How to survive the heat wave without air conditioning-Powerbeaster

How to survive the heat wave without air conditioning

  Dripping sweat falls from your face onto the pages of the book you’re reading. You stand up from your coach to get another towel to dry it with.

  You’re wearing a home summer outfit: a white tank top paired with blue shorts. Even then, your clothes are soaked and slightly sticky. Your mouth, dry. Excessive thirst doesn’t even describe it. And it’s not for a lack of drinking fluids.

  It’s getting harder to breathe by the minute. Time feels like it’s slowing down. Confusion. Stress. Disorientation. An unshakeable sense of uncomfortability. Simultaneously and separately, you feel all of these.

  And then, it strikes you: “This HAS to be a heatwave. And, to make matters worse…there’s a power outage!”

  Heatwaves are a growing global phenomenon. The main reason? Global warming. From 1998 to 2017, there were more than 166,000 victims who lost their lives to heatwaves, according to data from the World Health Organization. The number is expected to increase heavily from 2030 onwards and is already getting worse. In the summer of 2021 alone, over 100 people died from hyperthermia in Northwest USA and Western Canada.

  A heatwave is declared when the temperature for a given location goes above the historical averages for two or more days in a row. Therefore, heat waves are not to be taken lightly.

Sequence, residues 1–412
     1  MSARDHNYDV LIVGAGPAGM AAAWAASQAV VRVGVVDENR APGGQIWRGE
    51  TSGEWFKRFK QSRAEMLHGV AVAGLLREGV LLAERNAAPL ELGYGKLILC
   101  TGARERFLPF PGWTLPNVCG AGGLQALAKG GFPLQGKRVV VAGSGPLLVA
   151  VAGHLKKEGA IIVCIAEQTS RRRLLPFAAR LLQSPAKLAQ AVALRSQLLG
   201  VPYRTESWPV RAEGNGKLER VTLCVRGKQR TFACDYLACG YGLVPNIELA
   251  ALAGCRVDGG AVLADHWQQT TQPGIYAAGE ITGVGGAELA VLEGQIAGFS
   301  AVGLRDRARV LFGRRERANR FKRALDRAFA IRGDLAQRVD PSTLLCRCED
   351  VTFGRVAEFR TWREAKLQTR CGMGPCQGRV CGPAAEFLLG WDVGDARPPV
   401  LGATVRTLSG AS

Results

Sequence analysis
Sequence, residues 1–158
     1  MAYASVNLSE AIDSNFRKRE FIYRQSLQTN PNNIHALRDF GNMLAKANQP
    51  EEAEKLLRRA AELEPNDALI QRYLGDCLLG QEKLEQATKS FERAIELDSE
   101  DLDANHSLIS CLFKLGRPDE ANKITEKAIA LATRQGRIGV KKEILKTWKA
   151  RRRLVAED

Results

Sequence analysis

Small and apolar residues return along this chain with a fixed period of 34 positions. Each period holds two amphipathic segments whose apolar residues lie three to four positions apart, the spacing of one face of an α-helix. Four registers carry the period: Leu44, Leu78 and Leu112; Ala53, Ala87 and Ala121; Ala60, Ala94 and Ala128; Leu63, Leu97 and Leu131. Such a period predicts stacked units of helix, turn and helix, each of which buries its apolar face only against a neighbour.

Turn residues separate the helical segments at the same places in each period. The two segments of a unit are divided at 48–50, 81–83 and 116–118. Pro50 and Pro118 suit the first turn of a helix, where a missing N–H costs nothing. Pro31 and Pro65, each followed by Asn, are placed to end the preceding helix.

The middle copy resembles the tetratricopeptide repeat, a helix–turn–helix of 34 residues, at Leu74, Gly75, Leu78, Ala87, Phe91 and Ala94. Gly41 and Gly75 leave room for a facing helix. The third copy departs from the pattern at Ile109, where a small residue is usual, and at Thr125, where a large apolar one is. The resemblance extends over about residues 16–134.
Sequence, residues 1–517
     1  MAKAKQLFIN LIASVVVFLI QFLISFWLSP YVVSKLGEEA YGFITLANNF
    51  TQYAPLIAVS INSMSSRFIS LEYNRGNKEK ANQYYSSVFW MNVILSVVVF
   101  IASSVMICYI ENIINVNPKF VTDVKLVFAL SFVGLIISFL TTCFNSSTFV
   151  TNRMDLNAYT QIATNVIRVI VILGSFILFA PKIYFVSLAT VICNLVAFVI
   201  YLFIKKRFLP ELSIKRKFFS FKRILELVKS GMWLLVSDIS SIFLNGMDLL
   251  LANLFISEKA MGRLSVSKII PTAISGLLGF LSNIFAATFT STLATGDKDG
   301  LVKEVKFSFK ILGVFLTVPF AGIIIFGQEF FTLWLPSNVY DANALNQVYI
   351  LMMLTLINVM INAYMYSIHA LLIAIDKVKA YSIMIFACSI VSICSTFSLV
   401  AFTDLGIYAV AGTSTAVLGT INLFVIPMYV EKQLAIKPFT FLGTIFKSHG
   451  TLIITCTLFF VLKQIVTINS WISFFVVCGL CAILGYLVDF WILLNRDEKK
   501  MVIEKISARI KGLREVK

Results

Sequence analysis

“I don’t think I can continue reading. The heat won’t let me focus anymore… What should I do to cool down? Guess I’ll grab some water and then reread that…“

  While staying at home under the cool air conditioning is ideal, some people do not have air conditioners.

  Worse still, heat waves are often associated with power outages when electricity consumption increases. For those without a portable power station, this can leave them in a very dangerous situation.

  The impact of a power outage during a heatwave is sudden and unexpected.

  The drone of your appliances goes out and you realize you will soon have to face those deadly outside conditions. You don’t know how long the outage will last. It’s already getting dark, and the idea of sleeping in these sauna-like conditions makes your skin crawl.

  While you may be tempted to think, “No big deal,” this can be a life-threatening situation if you fall within a vulnerable group.

  I’ve often thought about what I would do in such a situation. More importantly, if they call me and ask for help during a heatwave, what will I tell my family?